Sunday, November 18, 2007

lucidity vs ludicity, and translating one esoteric language into a slightly less esoteric one

One of the things I often wonder about is how to say things that are intelligible. Too frequently, I lapse into jargon─sometimes even on-the-spot-invented jargon─and only realize this after the damage has been done. An example: the previous blog post, which was probably incomprehensible to all but...well, probably to all. I promise I will try hard to avoid doing this in the future.

But on the topic of making things less inscrutable─and not on the topic of Girard!, though keep your eyes on the Girard Reading Group Wiki─another thing I've been thinking about is how to translate Martin-Löf's "judgment vs proposition" distinction (as spelled out in the Siena Lectures) into the language of category theory. At first, the judgment vs proposition distinction may seem pedantic: okay, one can distinguish between a well-formed proposition "A" and the assertion that it is true "A true"...but so what? Well, the distinction helps get dependent type theory off the ground, since well-formedness is defined mutually with truth (the dependent quantifier ∏x:A.B is a well-formed proposition if and only if A is well-formed and B is well-formed under the assumption x:A). More mundanely, it is obvious that a separate notion of judgment is useful if we want to refute propositions as well as assert them, using the judgment "A false" in addition to "A true".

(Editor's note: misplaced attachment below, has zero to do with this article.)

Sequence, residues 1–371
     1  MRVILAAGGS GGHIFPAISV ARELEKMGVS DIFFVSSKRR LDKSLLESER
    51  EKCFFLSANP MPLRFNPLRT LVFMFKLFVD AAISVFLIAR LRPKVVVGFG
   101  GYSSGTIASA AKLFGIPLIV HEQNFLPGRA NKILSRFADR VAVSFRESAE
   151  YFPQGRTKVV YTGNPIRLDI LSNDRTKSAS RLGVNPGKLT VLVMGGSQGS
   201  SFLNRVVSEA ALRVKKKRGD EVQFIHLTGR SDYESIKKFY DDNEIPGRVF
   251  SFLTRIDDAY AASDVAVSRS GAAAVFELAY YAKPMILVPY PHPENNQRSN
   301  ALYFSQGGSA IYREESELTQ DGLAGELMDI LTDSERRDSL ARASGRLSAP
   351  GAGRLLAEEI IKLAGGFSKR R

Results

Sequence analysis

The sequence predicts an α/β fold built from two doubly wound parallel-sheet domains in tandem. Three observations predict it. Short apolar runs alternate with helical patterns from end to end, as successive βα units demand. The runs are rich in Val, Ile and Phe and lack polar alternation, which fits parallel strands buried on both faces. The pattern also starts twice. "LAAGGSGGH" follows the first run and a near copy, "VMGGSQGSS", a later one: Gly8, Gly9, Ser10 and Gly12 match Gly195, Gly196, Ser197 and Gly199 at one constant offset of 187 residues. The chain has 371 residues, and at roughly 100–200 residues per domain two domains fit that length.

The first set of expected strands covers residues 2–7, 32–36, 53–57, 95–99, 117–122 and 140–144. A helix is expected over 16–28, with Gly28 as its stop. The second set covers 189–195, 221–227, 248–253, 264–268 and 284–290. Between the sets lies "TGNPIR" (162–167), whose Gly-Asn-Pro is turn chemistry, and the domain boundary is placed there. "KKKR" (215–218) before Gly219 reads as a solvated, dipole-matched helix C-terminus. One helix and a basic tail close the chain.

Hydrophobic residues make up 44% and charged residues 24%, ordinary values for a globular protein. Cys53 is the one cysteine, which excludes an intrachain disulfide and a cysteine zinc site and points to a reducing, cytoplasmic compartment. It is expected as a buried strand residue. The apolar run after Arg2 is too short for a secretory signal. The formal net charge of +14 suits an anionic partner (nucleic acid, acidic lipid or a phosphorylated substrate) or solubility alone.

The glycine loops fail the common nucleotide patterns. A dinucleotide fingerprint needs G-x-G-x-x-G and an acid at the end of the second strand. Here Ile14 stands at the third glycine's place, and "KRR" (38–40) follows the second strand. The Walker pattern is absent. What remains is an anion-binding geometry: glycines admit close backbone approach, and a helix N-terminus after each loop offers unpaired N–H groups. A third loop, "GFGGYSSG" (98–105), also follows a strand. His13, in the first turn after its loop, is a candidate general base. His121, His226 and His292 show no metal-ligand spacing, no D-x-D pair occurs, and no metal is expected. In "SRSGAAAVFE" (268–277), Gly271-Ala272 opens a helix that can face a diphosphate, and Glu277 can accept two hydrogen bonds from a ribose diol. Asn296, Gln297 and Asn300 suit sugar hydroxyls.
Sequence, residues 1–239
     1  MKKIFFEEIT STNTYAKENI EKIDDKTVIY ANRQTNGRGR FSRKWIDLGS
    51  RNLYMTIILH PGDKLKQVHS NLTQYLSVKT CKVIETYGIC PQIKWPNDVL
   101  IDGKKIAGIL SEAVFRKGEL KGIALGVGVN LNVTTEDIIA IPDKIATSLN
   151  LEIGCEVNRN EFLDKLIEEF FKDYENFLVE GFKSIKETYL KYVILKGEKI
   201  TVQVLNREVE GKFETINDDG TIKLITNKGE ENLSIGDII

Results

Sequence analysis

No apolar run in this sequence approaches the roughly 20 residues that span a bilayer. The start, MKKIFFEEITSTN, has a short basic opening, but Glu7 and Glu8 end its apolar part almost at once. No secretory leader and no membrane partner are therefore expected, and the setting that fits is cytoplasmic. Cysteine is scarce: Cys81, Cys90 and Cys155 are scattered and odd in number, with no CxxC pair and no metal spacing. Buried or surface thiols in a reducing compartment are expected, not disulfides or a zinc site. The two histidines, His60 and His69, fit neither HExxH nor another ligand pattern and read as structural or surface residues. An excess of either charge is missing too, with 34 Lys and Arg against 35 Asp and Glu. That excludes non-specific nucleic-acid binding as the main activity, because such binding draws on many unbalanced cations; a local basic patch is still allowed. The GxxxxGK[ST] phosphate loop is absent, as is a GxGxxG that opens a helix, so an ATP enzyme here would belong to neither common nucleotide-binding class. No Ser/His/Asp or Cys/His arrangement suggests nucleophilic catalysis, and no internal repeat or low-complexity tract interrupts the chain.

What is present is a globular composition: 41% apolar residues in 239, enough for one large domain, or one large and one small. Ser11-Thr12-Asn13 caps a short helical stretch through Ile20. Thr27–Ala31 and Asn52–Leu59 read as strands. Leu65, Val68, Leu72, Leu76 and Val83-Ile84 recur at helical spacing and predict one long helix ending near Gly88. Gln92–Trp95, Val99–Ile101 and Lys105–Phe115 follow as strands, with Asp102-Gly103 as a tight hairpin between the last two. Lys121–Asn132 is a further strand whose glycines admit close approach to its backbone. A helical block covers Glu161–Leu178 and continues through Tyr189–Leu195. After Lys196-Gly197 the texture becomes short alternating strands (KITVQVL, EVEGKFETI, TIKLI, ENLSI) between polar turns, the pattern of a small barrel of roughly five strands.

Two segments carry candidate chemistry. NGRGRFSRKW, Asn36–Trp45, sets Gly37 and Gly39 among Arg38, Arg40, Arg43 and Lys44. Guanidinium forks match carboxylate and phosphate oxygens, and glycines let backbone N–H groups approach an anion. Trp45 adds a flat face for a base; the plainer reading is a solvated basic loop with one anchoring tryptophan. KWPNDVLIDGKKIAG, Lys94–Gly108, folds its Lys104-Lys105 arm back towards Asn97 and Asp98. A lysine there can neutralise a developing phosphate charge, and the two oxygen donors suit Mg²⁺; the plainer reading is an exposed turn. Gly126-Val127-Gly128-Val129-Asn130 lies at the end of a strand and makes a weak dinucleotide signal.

Well, this is actually not quite so obvious. Why not just assert ¬A? For a philosophical explanation of why not, Greg Restall's essay "Multiple Conclusions" is a nice read. From a proof/type-theoretic perspective, the reason why not to identify "A false" with "¬A " is that we need the separate judgment in order to obtain "good compositionality" principles─this is an informal but very general law gleaned by Frank Pfenning and collaborators over years of refining the "judgmental method", to which the paper "A judgmental reconstruction of modal logic" probably serves as the most complete introduction. Unfortunately, though, my impression is that these principles are still not very widely accepted or understood.

I think part of the problem is the seemingly obscure philosophical origins of the judgmental method (although its application is practically motivated), and so what I would like is a translation guide into the language of category theory (an order of magnitude less obscure, though granted still sometimes considered esoteric) . I think there must be such a translation, since the whole point of the judgmental method (at least in my mind) is obtaining compositionality principles.

Does anyone know if the judgment vs proposition distinction has been explored before in category theory? As a simple example of a system with two judgments that should be possible to explain categorically, I propose the bidirectional lambda calculus with implication and conjunction (described in Section 3.1 here).

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